Rabbi Berland permitted to visit Uman - for a price

Breslov rabbi serving sentence for sexual assault permitted to fly to Uman for Rosh Hashanah - after putting up $210,000 bond.

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David Rosenberg,

Rabbi Berland
Rabbi Berland
FLASH90

Rabbi Eliezer Berland, the founder of the Shuvu Banim Yeshiva in the Old City of Jerusalem and once a leading figure in the Breslov community, will be permitted to leave the country to visit the grave of Rabbi Nachman in Uman, Ukraine over the Rosh Hashanah holiday, a parole board ruled.

Berland, 80, fled Israel in 2013 after he was accused of sexually molesting two female followers.

Over the next three years, Rabbi Berland evaded extradition, travelling across Europe and Africa with a coterie of followers.

After his capture and extradition in 2016, however, Berland agreed to a plea bargain arrangement with Israeli prosecutors, pleading guilty to two counts of indecent acts and one case of assault.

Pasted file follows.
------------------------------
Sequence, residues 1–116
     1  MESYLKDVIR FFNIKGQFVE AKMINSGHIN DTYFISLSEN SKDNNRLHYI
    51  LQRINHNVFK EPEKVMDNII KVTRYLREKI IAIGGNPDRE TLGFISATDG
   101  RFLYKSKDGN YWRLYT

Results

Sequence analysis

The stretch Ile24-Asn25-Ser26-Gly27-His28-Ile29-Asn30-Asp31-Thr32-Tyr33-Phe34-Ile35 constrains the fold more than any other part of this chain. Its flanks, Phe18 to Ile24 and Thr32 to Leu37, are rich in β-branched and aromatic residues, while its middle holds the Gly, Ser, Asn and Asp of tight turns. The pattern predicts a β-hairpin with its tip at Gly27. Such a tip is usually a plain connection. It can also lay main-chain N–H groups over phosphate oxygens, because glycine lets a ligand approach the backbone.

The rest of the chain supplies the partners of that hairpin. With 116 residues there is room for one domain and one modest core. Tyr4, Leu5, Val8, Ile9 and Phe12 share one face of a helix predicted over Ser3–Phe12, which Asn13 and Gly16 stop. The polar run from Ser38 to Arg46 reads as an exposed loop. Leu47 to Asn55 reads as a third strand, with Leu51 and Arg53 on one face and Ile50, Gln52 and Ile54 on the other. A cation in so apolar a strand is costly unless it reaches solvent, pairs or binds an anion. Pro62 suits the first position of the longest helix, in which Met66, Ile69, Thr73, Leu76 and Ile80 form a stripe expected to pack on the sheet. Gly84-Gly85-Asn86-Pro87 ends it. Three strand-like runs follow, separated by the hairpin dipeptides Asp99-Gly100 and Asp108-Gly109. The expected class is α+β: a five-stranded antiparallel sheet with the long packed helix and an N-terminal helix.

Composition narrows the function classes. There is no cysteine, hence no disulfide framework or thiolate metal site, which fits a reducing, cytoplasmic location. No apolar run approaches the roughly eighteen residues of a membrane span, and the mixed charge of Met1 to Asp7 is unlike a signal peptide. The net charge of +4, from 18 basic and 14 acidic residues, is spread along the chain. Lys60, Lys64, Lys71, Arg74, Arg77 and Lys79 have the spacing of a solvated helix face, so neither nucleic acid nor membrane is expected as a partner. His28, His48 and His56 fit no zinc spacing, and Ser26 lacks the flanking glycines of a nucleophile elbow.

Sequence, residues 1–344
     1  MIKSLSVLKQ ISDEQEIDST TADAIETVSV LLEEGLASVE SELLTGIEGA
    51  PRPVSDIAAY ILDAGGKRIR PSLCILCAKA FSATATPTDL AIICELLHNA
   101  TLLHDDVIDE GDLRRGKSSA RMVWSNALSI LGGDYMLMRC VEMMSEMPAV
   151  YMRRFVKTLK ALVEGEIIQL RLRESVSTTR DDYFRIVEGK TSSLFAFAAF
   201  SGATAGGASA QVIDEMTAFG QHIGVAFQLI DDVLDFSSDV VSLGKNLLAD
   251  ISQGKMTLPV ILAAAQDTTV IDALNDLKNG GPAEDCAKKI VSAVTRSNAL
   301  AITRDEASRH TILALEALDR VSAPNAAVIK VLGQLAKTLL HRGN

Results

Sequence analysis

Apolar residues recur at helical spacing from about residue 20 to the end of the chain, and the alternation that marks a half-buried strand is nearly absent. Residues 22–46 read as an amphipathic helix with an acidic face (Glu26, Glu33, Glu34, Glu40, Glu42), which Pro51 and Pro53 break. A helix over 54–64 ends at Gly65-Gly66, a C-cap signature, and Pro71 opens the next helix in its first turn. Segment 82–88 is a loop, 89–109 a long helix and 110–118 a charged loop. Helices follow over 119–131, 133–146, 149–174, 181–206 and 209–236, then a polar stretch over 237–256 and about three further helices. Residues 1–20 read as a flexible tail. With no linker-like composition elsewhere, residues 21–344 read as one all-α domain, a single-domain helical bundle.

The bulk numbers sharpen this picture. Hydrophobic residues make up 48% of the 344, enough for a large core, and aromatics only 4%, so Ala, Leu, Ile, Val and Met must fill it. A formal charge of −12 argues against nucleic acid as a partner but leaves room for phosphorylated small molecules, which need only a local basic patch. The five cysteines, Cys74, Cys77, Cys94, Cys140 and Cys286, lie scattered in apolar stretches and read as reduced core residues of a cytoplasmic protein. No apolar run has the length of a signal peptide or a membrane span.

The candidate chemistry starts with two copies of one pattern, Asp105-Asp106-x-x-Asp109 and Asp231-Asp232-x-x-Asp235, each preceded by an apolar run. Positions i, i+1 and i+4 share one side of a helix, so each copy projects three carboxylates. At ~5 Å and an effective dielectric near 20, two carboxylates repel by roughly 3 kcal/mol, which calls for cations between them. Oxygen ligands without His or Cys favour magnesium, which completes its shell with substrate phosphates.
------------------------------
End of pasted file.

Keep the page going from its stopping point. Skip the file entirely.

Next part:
Last November, Rabbi Berland was sentenced to 18 months in prison, but was released to a hospice five months into his sentence, where he could receive regular treatment for serious health problems he has suffered in recent years.

Ahead of the Rosh Hashanah holiday this week, the parole board granted a request by Rabbi Berland to travel to Ukraine for the annual pilgrimage at the tomb of the founder of the Breslov movement, Rabbi Nachman.

The annual pilgrimage to Rabbi Nachman’s tomb in Uman, Ukraine has become a popular custom in recent years, particularly among Breslov Hassidim.

As a condition for his trip abroad, the parole board has ordered Berland to post a 740,000 shekel ($210,000) bond to ensure that he returns after the holiday, Behadrei Haredim has reported.

Two weeks after the Rosh Hashanah holiday, the parole board will reinstate the travel ban on Rabbi Berland, and require him to return to the Jerusalem hospice where he has resided since left prison due to an ongoing medical condition.








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